Temperatures have dropped into the 20s the past three nights. Each morning everything is covered with white, sparkly frost. Early Friday I heard the calls of swans as they passed over the house. I stepped out onto the porch just as they flew over—a flock of about 80. The bright morning sun glistened off their beautiful large wings. I listened to their chatter and watched them until they disappeared over the ridge to the east of the house. It was then that I heard another flock of about the same size coming from the west. They too flew right over my head. These birds pass through Wisconsin en route to or from their summer nesting grounds in the far north, so I only get to see them for a short time, twice a year. Their early spring and late fall migration times are special and exciting for me.
Twice in the same week, I was lucky enough to have a fox cross my path. The first was a beautiful Red fox, which crossed in front of my car on a backcountry road to the town of La Farge. His ears were back, and his long red tail was fluffed out behind him. He appeared to be running from something, as he darted out of the woods, across the road and through a pasture. Someone may have startled him while on a morning walk. Maybe a dog or coyote, or a hunter pursued him.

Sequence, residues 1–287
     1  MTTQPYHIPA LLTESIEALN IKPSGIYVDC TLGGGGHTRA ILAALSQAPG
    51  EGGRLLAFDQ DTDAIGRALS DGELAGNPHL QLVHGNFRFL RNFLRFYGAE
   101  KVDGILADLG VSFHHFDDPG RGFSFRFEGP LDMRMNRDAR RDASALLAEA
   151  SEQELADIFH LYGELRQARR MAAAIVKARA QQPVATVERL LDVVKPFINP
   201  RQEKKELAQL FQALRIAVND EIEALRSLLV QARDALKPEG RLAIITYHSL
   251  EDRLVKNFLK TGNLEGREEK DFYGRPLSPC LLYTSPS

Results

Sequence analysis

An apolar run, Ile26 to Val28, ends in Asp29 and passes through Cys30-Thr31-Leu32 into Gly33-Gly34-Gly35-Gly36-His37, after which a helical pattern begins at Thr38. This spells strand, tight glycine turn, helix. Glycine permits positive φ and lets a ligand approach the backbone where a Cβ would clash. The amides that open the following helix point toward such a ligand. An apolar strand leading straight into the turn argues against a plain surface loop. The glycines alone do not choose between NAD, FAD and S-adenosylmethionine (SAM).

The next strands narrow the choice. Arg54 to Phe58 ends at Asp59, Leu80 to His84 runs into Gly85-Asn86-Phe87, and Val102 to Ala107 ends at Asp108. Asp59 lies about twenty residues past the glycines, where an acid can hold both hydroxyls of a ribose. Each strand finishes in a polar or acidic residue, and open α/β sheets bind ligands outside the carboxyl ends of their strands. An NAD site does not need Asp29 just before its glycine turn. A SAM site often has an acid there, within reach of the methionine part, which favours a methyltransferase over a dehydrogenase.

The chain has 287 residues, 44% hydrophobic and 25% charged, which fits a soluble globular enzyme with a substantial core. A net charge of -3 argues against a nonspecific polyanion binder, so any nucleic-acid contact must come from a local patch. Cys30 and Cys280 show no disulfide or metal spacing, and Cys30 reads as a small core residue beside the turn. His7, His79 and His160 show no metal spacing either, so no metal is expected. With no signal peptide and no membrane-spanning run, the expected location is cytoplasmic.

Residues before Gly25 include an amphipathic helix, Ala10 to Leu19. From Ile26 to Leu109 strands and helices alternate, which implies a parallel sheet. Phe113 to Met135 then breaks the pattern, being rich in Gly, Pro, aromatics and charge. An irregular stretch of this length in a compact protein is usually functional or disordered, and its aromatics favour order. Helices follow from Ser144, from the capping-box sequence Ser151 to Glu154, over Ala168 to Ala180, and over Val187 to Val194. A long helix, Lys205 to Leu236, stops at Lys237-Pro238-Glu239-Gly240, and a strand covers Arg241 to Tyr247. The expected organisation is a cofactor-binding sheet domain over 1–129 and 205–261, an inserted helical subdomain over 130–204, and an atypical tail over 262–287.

Just before sun-up, from inside the house, I glimpsed an animal jumping over the small creek behind the shed. I grabbed my trusty binoculars and scanned the area. The grass is tall over there, so I waited to see what might step out into the clearing. I didn't have to wait long to see a fox appear, nose to the ground. I could see at once that this fox was special, and I wanted a closer look. As luck had it, she lingered while I found her in my spotting scope. She was a gray fox—a rare sight indeed. I haven't gotten a good look at one of these secretive foxes in a long time. She wasn't a bushy as the red fox I saw the other day, and her long gray legs made her look like a small coyote. Her ears were lined in yellow-orange, as was her pretty bib or scarf. She stalked the grassy hillside slowly, searching out voles with her shiny black nose. Seeing her was a treat that put a smile on my face.
Late this afternoon, a large white-tailed buck and his beautiful doe stood on the same hillside where I had seen the fox that morning. Though I see the deer nearly every day, I never tire of their graceful presence—pure poetry in motion. I'm grateful to live in a place where I can see animals like the deer and the fox.
The recent cold nights have put a thin layer of ice on the potholes and ponds in the area. The remaining ducks and geese must use the river if they want to sit on open water. Newly built muskrat houses are popping up on the wet marshes like mushrooms. They will keep the sleeping muskrats safe and warm through the cold winter months ahead. These are just a few of the changes going on down nature's trail as we reach mid-November. For many of the wild things, the time of sleep has come—time to dream again of spring.
All art ©2013 Organic Valley